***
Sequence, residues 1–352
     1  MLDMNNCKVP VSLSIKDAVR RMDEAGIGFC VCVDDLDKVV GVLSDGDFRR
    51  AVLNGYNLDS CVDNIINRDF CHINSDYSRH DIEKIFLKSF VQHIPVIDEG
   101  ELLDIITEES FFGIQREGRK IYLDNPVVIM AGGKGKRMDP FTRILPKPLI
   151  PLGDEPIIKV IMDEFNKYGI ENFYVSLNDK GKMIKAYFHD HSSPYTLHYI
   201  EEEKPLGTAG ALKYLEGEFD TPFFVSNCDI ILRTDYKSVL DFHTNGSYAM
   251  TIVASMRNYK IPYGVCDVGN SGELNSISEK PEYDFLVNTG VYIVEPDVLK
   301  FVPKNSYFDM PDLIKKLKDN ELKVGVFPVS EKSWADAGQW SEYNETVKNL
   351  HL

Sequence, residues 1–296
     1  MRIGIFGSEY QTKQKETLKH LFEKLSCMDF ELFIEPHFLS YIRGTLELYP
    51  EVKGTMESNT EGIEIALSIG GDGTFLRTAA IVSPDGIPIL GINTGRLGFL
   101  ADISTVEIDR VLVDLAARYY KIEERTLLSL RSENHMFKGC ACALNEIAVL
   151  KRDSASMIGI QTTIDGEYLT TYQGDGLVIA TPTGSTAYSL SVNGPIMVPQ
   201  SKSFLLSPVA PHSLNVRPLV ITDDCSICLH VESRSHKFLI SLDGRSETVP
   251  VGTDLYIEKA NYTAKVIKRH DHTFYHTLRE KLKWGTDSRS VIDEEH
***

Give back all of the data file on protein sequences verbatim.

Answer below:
Sequence, residues 1–352
     1  MLDMNNCKVP VSLSIKDAVR RMDEAGIGFC VCVDDLDKVV GVLSDGDFRR
    51  AVLNGYNLDS CVDNIINRDF CHINSDYSRH DIEKIFLKSF VQHIPVIDEG
   101  ELLDIITEES FFGIQREGRK IYLDNPVVIM AGGKGKRMDP FTRILPKPLI
   151  PLGDEPIIKV IMDEFNKYGI ENFYVSLNDK GKMIKAYFHD HSSPYTLHYI
   201  EEEKPLGTAG ALKYLEGEFD TPFFVSNCDI ILRTDYKSVL DFHTNGSYAM
   251  TIVASMRNYK IPYGVCDVGN SGELNSISEK PEYDFLVNTG VYIVEPDVLK
   301  FVPKNSYFDM PDLIKKLKDN ELKVGVFPVS EKSWADAGQW SEYNETVKNL
   351  HL

Sequence, residues 1–296
     1  MRIGIFGSEY QTKQKETLKH LFEKLSCMDF ELFIEPHFLS YIRGTLELYP
    51  EVKGTMESNT EGIEIALSIG GDGTFLRTAA IVSPDGIPIL GINTGRLGFL
   101  ADISTVEIDR VLVDLAARYY KIEERTLLSL RSENHMFKGC ACALNEIAVL
   151  KRDSASMIGI QTTIDGEYLT TYQGDGLVIA TPTGSTAYSL SVNGPIMVPQ
   201  SKSFLLSPVA PHSLNVRPLV ITDDCSICLH VESRSHKFLI SLDGRSETVP
   251  VGTDLYIEKA NYTAKVIKRH DHTFYHTLRE KLKWGTDSRS VIDEEH